What is arguably the most famous restaurant in Mexico City that would be Pujol owned and run by Chef Enrique Olvera. (He also the man behind New York City’s Cosme.) Seventeen years after putting its city and its chef on the world culinary map with its playfully elevated street food, Pujol, Mexico’s most celebrated restaurant is also taking cues of his New York City restaurant stylistically. The current location of Pujol has a casual, neighborhood spirit with the former’s intimacy. There is a wood-burning oven, terrazzo flooring, a private side room with record player and vinyl collection and a long..
Chef Ricardo Muñoz Zurita has several restaurants in the Mexican capital, and the best of them is Azul Histórico, located in the Downtown México hotel and retail complex in the Centro Histórico neighborhood. The setting is atmospheric: rough-hewn wooden tables sit on a stone courtyard of the 17th-century building, surrounded by trees draped with lights. The restaurant is a favorite among locals, who make reservations here for special celebrations and business meetings, as well as out-of-towners in the know. (more…)
Oaxacan food is praised throughout Mexico for its rich moles, umami-rich insects, stewed meats, and deep nuances. Guzina Oaxaca (translated: Oaxaca Cuisine) is by proprietor/chef Alejandro Ruíz. Chef Ruíz is a native from Oaxaca and opened this restaurant in the affluent neighborhood of Polanco in 2014, to have the Mexico City natives (and tourists) believe in the fact that Oaxacan food can be upscale, despite the fact it’s culturally rich. The restaurant is decorated like I’m in an elegant beach-type of restaurant – light colors of creamy beige, soft greens, and warm wood, embroidered pillows; green cantera stone salt cellars..
When it opened, Jules Basement was intended to be a speakeasy-style bar, a secret spot known only among friends and friends of friends who spread the news that there was an literal underground bar behind a refrigerator door in a taco restaurant at Julio Verne 93. Jules Basement has become a magnet for bar hoppers who love craft cocktails and hangouts where decor is as important as drinks. With respect to the former, expect a black-and-white color scheme, lots of texture on the ceiling and bar, and Damien Hirst-esque skulls (minus the shimmering diamonds). Since we were there on a..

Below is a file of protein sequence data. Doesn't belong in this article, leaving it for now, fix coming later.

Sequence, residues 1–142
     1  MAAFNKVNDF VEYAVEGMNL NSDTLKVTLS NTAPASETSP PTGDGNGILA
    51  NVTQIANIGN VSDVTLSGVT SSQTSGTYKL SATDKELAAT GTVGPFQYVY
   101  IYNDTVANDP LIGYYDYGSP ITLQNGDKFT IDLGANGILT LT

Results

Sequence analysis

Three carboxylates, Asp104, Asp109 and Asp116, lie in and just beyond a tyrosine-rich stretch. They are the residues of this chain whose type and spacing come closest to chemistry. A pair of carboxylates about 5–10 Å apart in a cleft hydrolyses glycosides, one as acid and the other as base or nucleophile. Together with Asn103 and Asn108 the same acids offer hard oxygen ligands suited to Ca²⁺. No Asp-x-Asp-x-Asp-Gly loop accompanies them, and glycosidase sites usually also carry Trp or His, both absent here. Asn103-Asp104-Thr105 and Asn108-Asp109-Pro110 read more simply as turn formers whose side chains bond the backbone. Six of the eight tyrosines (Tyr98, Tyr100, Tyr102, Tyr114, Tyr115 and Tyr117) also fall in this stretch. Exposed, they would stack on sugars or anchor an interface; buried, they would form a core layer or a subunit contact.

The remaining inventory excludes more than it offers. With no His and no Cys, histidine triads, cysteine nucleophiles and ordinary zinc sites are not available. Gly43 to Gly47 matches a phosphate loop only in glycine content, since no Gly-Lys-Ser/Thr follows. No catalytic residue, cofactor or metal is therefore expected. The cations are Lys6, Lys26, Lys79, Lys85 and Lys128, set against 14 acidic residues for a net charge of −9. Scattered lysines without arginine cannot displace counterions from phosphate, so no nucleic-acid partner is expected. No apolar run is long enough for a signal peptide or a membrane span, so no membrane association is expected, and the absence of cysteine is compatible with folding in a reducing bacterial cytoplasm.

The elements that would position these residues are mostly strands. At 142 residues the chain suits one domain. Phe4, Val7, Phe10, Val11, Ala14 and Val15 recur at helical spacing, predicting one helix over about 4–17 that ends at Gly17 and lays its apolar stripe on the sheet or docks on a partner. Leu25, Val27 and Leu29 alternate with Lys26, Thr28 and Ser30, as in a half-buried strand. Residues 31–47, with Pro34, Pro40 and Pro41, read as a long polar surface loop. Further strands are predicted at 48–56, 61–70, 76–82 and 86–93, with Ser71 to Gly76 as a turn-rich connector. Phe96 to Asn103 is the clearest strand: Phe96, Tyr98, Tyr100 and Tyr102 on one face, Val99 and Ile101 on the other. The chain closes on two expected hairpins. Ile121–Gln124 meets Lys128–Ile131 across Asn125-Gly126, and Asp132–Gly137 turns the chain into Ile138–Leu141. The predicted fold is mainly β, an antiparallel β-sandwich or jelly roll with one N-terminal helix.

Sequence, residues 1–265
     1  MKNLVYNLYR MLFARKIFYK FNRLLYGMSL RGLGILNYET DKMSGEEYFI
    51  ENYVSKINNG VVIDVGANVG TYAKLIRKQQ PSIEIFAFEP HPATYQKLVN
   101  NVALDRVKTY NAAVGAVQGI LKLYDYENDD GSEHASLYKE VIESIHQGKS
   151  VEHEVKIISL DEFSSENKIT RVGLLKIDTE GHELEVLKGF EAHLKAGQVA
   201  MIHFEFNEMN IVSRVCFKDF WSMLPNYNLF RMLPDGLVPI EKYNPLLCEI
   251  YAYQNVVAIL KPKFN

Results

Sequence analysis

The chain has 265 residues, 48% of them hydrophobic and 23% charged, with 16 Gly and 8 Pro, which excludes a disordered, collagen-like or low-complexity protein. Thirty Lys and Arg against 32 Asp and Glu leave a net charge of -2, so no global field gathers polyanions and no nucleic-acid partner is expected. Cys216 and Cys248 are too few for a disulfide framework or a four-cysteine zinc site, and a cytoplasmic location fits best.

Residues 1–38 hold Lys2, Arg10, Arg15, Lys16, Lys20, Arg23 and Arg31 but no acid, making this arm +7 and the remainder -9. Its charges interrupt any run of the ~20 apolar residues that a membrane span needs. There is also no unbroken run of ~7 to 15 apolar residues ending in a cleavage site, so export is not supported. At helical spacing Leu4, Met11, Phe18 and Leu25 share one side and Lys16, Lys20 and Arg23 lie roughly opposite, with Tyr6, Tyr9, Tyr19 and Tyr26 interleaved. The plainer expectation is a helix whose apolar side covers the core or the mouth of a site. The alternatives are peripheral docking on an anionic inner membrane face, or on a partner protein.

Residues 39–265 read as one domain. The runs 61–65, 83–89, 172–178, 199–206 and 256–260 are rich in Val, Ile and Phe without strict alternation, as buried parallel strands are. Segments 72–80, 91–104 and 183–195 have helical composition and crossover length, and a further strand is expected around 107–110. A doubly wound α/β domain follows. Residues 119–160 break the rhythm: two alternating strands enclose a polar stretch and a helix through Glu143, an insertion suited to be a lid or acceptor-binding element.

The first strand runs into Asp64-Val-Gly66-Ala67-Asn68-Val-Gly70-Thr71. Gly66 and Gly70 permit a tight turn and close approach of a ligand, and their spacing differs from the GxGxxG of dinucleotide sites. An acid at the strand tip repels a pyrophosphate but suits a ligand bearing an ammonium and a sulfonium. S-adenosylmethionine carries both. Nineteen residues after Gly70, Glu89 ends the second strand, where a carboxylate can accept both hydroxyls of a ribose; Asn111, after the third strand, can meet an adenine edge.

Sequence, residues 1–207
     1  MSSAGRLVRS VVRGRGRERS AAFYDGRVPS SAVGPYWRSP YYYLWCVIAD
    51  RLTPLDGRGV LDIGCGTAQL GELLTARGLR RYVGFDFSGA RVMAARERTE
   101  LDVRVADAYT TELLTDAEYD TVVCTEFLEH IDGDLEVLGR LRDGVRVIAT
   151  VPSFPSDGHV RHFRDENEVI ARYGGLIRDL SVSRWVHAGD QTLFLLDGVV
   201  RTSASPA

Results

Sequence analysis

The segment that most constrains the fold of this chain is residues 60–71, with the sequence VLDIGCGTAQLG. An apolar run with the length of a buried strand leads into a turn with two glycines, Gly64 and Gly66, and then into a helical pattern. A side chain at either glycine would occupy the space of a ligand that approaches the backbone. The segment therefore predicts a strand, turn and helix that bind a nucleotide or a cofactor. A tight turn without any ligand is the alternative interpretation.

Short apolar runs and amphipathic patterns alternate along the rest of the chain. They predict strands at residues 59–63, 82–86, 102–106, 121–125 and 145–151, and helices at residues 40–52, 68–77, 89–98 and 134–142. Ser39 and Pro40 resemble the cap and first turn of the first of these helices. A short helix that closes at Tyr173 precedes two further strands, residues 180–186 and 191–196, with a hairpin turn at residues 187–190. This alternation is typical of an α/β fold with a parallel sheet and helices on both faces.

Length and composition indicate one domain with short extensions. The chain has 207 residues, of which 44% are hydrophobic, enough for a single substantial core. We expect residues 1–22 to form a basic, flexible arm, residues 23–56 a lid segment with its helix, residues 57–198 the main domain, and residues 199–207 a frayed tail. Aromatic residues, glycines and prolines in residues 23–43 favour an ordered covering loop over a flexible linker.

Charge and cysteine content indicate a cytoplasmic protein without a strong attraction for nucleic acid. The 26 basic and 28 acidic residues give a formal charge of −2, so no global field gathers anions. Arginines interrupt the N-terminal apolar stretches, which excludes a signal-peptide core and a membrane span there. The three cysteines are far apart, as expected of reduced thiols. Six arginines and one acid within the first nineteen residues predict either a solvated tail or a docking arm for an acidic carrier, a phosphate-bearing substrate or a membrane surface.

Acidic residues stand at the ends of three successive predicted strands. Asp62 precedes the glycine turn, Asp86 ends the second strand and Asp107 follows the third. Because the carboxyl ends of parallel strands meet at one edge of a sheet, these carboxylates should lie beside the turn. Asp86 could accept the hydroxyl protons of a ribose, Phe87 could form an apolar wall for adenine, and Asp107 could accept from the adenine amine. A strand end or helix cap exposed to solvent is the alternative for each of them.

Hyatt Regency Mexico City offers a unique infusion of Eastern and Western influences, with Asian elements sprinkled throughout the property. Not only does this Latin American-Asian fusion set the Hyatt Regency apart from its Polanco-area neighbors, but it’s popular with leisure travelers and business travelers. Though we were in the heart of one of Mexico City’s tastiest gastronomic districts, the hotel’s three restaurants (especially the Japanese plates at Yoshimi, as I’ve written earlier), excellent Sunday brunch at Rulfo (read here) as well as Amado, a pastry shop, are worth sampling. (more…)
There’s a healthy number of fine dining Mexican restaurants in Mexico City. The most obvious and most talked about restaurant is Pujol, which I will write about soon but there’s also a restaurant led by a strong woman, chef and restauranteur Martha Ortiz called Dulce Patria, meaning Sweet Homeland. (Ms. Ortiz has another restaurant, Ella Canta in London, U.K.) This restaurant is consistently listed among Latin America’s top 50 restaurants for the past few years. The restaurant had tables filled with diners on a Wednesday night and enjoying Chef Oritz’s bold, vibrantly flavored food that has an artistic, sensual, female..
A post shared by Tina Wong | Food & Travel (@wanderingeater) on Mar 11, 2018 at 11:34am PDT Despite the fact my Sunday Champagne Brunch Buffet at Rulfo was planned a while ago before I landed and checked into Hyatt Regency Mexico City, when I was talking to a few locals they all praise how great this buffet is. It’s an elegant, upscale buffet under the gorgeous skylight that gently filters in the bright Mexican sun and it focuses on modern Latin cuisine. The savory fare ranges from an incredible seafood raw bar serving up oysters, clams, large Royal Red..
I am always in the search for a pastry shop in any city I am walking through. I found out that Amado Bakery in the Hyatt Regency Mexico City. It is an upscale bakery that also offers sit-down dessert options alongside take-out pastries and cakes. They also have some rustic and artisanal breads too. (more…)
Whenever you think of Mexico City, you’d never really think of upscale chocolates. I am generalizing this of course, but most of the time people would think of Mexican coffee more than chocolate. There are a few exceptions to this statement and one that I’ve “discovered” was Sucr’elle Chocolateria. This cozy chocolate shop in the upscale Polanco neighborhood is owned and run by a couple – Sandra and Enrique – who have backgrounds in the restaurant and pastry businesses. They have worked around various restaurants and countries before settling back in Mexico City. (more…)